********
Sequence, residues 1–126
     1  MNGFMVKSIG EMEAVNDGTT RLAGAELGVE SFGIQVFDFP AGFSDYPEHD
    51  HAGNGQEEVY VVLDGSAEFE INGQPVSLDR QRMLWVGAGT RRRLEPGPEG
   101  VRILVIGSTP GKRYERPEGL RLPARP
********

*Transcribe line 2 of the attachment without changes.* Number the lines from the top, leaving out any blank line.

     1  MNGFMVKSIG EMEAVNDGTT RLAGAELGVE SFGIQVFDFP AGFSDYPEHD